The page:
Corrosive or Not Corrosive?

By October 14, 2014 January 29th, 2020 Transportation of Dangerous Goods

What Do the Regulations Say?

Normally when considering whether or not a material or substance is to be assigned to Class 8, the preferred method is an in vivo (living animal) or in vitro (“in glass” or simulated test-tube) determination of the effect of the sample on living tissue. In addition the effect of corrosion of metals is considered for the lower hazard (PG III) aspect of the class.

I had a question the other day wherein a sample of a material tested “positive” according to the UN Manual of Test Procedures (5th Ed.), Part III, 37 yet the classification was being questioned by a (dedicated) potential carrier. The material tested “pitted” the standard aluminum alloy to a depth greater than that specified in the (“localized”) criteria. The consignor classified the material as Corrosive based on the consulting lab’s report of this result which stated that the product was a “candidate for … Class 8”. The trouble was that the sample was negative in the “uniform” ( equivalent to the 6.25 mm/y criteria) portion of the test.

The latter is the only criteria currently referenced for Class 8 when considering effects on metal.

How this could become confusing

i.e. The wording in the various regulations do not say the equivalent of:
“The substance is Class 8, PG III if a positive result is obtained in UN test 37.4”;

but do say the equivalent of:
“The substance is Class 8, PG III if you get a positive result in a uniform corrosion test (equivalent to 6.25 mm/y) such as UN test 37.4”.

The above is consistent within the IMDG Code, IATA DGR, US 49CFR – all of which reference the UN Manual of Tests as an example of an acceptable protocol- and Canada’s TDGR. The Canadian TDGR classification wording is the same- only quoting ASTM G 31-72 (reappr.1995) as the reference method. ASTM G 31 also has both criteria available. The UN Model TDG (“Orange Book”) regulations (perhaps ironically) use the same wording as IMDG, and others. However the Orange Book does indicate that the “competent authority has discretion to dispense with certain tests…” in section 1.1.2.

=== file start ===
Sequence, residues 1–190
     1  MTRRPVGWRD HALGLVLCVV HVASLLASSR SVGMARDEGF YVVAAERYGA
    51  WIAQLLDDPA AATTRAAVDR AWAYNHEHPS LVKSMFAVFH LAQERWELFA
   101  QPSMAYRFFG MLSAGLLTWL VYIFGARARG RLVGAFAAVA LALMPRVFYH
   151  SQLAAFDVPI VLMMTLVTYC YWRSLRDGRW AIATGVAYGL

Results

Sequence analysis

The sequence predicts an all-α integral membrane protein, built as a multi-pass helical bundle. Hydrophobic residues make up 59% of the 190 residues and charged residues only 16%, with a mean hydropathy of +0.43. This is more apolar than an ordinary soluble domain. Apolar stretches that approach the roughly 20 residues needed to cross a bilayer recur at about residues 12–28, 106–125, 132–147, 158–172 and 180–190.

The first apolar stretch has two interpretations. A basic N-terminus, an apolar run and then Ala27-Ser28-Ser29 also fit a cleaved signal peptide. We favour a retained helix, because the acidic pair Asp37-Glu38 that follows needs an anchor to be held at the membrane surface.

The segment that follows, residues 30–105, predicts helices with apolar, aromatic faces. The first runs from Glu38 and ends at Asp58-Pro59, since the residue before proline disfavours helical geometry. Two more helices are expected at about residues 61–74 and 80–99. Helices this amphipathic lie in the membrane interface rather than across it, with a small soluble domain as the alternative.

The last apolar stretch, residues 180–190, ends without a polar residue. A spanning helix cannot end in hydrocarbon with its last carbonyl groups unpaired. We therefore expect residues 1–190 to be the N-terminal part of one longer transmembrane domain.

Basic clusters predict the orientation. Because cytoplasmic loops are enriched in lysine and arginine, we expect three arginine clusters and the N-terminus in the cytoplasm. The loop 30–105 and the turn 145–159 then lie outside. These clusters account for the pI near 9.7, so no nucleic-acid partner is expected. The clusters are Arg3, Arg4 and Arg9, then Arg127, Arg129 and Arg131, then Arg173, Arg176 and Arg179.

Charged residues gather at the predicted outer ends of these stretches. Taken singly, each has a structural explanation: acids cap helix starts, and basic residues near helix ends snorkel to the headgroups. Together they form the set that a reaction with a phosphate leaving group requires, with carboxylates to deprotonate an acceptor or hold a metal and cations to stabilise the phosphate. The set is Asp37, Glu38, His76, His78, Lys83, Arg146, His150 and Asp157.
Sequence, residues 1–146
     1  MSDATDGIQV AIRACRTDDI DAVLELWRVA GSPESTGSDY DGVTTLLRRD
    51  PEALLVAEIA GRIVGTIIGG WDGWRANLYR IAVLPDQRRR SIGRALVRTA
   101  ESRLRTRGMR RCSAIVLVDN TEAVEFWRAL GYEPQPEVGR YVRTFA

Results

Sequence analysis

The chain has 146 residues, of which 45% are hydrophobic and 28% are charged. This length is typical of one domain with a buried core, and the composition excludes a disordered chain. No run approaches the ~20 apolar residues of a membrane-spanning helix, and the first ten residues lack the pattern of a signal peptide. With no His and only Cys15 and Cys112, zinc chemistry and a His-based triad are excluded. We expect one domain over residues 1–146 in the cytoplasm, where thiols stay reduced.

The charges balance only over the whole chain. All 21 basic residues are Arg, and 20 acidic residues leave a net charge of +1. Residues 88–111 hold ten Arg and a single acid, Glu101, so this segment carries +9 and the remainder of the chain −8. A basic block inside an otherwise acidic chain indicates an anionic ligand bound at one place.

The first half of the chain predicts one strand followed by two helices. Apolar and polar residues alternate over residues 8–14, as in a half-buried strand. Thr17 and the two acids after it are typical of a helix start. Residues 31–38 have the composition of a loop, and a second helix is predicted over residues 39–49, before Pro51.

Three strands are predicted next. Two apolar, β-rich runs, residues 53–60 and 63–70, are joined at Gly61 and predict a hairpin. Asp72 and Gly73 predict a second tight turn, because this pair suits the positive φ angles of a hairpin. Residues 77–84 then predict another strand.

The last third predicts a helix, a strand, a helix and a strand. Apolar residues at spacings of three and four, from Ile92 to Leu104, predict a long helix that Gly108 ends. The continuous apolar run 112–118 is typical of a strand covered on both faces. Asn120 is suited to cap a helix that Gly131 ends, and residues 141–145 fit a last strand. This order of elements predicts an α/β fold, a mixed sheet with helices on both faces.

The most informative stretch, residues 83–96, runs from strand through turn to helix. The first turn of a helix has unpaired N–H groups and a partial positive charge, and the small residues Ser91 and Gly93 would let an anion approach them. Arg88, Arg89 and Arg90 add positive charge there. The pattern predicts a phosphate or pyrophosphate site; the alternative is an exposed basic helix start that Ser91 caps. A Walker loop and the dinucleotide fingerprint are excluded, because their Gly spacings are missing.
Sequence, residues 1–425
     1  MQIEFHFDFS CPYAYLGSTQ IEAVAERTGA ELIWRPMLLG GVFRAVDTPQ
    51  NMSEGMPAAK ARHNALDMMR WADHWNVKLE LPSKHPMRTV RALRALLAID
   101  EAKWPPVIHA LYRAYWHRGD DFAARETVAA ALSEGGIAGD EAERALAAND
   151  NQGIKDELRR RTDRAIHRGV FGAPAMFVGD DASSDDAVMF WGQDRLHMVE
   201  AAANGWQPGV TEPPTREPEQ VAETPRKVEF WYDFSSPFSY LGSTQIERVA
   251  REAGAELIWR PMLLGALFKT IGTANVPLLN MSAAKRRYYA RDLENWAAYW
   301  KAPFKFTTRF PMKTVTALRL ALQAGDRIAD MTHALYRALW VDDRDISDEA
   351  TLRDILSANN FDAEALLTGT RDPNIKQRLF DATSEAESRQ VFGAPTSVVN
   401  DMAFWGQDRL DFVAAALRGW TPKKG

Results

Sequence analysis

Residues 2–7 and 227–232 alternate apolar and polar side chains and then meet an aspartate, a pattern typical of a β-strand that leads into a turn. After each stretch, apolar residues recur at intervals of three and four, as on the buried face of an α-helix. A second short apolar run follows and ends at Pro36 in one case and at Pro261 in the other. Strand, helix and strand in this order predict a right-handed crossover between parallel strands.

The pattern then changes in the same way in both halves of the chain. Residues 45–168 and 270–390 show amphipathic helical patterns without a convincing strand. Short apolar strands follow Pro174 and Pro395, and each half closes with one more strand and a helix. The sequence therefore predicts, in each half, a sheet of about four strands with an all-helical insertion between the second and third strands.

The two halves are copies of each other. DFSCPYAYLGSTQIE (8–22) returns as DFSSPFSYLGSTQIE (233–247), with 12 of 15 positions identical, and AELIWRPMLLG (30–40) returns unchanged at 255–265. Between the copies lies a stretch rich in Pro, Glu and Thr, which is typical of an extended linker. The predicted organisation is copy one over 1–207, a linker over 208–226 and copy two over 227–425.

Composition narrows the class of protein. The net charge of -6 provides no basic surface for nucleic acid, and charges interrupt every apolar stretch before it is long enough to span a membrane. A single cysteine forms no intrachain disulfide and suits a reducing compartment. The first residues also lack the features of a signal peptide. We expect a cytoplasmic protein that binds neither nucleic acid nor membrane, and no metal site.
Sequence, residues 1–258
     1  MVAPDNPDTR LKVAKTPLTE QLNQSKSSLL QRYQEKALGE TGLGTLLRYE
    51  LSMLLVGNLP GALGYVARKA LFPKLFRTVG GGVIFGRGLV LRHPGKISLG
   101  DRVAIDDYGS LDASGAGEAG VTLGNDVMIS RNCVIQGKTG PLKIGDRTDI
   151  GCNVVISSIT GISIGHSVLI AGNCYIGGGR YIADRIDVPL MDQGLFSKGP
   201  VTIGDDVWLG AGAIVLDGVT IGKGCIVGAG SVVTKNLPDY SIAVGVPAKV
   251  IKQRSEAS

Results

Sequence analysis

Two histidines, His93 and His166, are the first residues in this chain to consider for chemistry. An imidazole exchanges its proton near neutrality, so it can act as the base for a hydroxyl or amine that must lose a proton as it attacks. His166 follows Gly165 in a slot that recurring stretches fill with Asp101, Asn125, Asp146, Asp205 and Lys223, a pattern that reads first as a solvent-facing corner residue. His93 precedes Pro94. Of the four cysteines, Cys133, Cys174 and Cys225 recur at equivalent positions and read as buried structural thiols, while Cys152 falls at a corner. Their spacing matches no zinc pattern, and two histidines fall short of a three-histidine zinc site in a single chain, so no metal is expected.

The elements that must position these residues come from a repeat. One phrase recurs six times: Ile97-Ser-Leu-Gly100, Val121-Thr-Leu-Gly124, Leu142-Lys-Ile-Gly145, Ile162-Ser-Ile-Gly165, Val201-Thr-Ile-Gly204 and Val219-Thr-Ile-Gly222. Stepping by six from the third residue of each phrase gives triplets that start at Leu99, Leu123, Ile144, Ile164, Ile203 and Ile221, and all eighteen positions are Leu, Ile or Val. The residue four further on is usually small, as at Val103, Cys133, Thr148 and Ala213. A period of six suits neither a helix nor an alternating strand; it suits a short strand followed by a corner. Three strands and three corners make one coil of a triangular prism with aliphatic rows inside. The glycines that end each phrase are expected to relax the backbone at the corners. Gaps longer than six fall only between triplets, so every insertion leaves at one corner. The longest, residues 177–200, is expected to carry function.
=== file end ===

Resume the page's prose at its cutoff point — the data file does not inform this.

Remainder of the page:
This illustrates the necessity of having copies of the regulations (see Samantha’s Blog of Sept.16)- and often the referenced standards- to consult when determining how to assign a classification to a material.

Where regulations (such as Canada’s recent amendment to require documentation of a “proof of classification” – along with the general requirement to not give a false indication of a hazard) expect the consignor/shipper to justify the assigned classification, the issue can be significant beyond having a carrier question a specific shipment.

As always, if you have questions about this topic or any other regulatory needs, please give us a call in the US at (888) 442-9628 or in Canada at (888) 977-4834 and talk to one of our regulatory specialists or customer relations representatives.

Clifton J. Brown

Clifton J. Brown

Clifton Brown has over 35 years of practical experience in the Canadian chemical and manufacturing industries. He has worked in research, quality, environment, health and safety in a range of industries including explosives, pesticides, manufacturing/contract packaging, pharmaceuticals, and specialty chemicals. This experience has provided a basis for dealing with a variety of regulatory approaches that have been useful in implementing and evaluating/auditing compliance. This experience has also been useful in effectively helping others to understand and apply the regulations in a North American context. Clifton represents ICC on the RDC regulatory and safe operations committees, participates in Transport Canada consultations and attends WSPS, CSSE and related activities.